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Boston Marathon bombing survivors can now run, bike, and rock-climb, thanks to incredible medical advances

Boston Marathon bombing survivors can now run, bike, and rock-climb, thanks to incredible medical advances

Can the Boston marathon bombing survivors ever regain their normal lives again? Here is their individual stories on how far they've come.

Advancements in the field of medicine in the recent past have been overwhelming with an exponentially high recovery rate from life-threatening diseases and an equally decreasing disease-occurring mortality rate. A great example that showcases these incredible medical advances is of the current state of the victims of the Boston Marathon. 

As documented by the Daily Mail, the 17 of the many Boston Marathon bombing survivors are now able to run, bike and rock climb- merely five years from the day they were attacked. For those who lost their limbs, prosthetics were used as a replacement to facilitate daily activities. 

The funding for prosthetics increased double-fold and while working to treat the survivors, the field of medicine gained a deep insight into what works and what doesn't when it comes to the study of "artificial limbs." Since the survivors are now able to run 10K marathons five years down the line with their prosthetics, it is evident that the country is moving in the right direction. 

However, no amount of research will ever be enough, and medical department teams in Massachusetts and Maryland are continuing to work harder towards improving technology in hopes to make the lives of the disabled a tad bit easier with every passing day. 

It was on April 15, 2013, when two homemade bombs exploded by the marathon finish line in Boston, Massachusetts, killing three and injuring 260 people. Thousands of dollars were pooled in towards the research for technology to improve the lives of the amputees so they can get back on their feet.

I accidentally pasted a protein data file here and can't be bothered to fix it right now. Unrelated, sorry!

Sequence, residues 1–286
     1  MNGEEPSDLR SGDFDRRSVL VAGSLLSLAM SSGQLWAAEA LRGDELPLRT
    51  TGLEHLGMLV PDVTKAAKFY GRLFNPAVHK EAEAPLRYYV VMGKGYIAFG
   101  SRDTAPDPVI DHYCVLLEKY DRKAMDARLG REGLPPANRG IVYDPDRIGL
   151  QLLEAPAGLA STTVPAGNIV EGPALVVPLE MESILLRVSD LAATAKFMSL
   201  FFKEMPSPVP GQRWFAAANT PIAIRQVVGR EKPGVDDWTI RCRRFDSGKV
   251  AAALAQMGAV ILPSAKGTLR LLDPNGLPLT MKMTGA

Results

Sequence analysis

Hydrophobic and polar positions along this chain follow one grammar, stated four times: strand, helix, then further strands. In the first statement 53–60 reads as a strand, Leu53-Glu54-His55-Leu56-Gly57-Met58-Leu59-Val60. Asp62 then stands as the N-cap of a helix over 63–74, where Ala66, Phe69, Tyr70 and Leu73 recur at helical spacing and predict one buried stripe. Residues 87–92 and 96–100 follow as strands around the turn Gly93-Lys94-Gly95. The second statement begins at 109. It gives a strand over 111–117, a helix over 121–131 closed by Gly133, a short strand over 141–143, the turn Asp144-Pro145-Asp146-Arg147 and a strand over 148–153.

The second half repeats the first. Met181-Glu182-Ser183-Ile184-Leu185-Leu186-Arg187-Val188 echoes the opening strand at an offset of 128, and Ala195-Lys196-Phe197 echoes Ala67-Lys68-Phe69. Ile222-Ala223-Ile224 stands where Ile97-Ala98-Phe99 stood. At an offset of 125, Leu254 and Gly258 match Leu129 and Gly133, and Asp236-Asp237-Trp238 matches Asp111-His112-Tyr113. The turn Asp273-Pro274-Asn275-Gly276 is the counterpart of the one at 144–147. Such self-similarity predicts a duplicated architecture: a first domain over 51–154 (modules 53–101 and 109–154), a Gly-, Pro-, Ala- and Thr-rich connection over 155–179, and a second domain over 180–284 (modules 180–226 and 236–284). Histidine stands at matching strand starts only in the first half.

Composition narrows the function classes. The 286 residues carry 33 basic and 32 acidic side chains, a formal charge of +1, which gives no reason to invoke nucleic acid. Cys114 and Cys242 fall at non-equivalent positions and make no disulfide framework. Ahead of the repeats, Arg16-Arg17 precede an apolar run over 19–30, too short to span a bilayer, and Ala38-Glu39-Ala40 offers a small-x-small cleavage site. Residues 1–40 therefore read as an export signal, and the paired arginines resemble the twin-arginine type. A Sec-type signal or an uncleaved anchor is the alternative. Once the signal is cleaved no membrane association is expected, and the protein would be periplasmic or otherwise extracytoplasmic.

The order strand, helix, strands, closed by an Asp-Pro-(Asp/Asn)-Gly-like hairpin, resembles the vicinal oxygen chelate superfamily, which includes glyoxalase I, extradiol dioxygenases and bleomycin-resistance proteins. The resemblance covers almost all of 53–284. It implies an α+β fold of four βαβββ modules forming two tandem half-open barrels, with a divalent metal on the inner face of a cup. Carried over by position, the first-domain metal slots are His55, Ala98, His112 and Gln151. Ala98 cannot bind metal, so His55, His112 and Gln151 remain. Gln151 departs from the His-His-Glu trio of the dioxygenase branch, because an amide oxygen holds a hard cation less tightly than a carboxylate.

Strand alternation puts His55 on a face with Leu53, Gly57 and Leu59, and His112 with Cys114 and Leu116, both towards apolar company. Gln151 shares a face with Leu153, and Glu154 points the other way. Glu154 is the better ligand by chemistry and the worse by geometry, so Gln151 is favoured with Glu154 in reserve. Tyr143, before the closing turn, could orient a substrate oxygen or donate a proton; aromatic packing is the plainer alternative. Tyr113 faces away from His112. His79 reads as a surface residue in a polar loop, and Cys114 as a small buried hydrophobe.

One of the survivors, Marc Fucarile, 39, lost more than just one limb, and has improved a considerable amount in five years. The same goes to say for Adrienne Haslet-Davis, Mery Daniel, Jessica Kensky, Patrick Downes, Steve Woolfendal, Jeff Bauman, Jane Richard and brothers - JP and Paul Norden. Their stories of recovery are nothing short of inspiring miracles representing hard work and courage. 



Jessica Kensky and Patrick Downes were newlyweds when the bombs attempted to disrupt their peacefully growing family by taking away one of Patrick's legs and both of Jessica's. Woolfendal, father of then three-year-old son, Leo, was attempting to take him out of his stroller and away from the finish line, when he realized that his left leg had been blown off. 


 

*before you read this, this is coming from Rebekah’s husband 😉 she would never post this of herself, so maybe say a little prayer that she doesn’t get too upset with me for sharing Today marks 5 years since my beautiful wife lost her leg at the #BostonMarathonBombings. I, like the rest of the world, couldn’t believe what I was seeing on television that day. As horrific as it was for so many to see what was happening, it is impossible to ever imagine the images that must haunt the survivors, the first responders, and the city of Boston (a city I have grown to love). When Rebekah and I woke up this morning, she was in tears thinking of the 5 beautiful souls who didn’t make it as a result of that day as well as her fellow survivors. As her husband, all I can think to do, is find a way to take her mind off of what happened so before we take our kids to the zoo, we needed to go to the gym, and of course she repped her #BostonStrong tank. I am posting this picture because of how very proud I am of her. Last November, many don’t know that Bek had to have another major revision surgery. It was a very disappointing time as she couldn’t walk for over 2 months, let alone try to work out. So while today is such a difficult day, it also marks 4 weeks since she has been back in the gym and has gotten so much stronger than before already. I am proud of my wife for not letting those 2 terrible brothers destroy her. She shows me every day what #BostonStrong really means. I love you #RebekahStrong #nofilter

A post shared by Rebekah Gregory (@rebekahmgregory) on


Bothers JP and Paul Norden were watching and cheering the participants from the stands when the second bomb stole both their right legs. Lastly, Jeff Bauman, key witness in helping identify the bombers Dzhokhar A. Tsarnaev and Tamerlan Tsarnaev, suffered a loss of both his legs during the bombing. Jane Richard, was six when the bombing stole her left leg below the knee and her eight-year-old brother.

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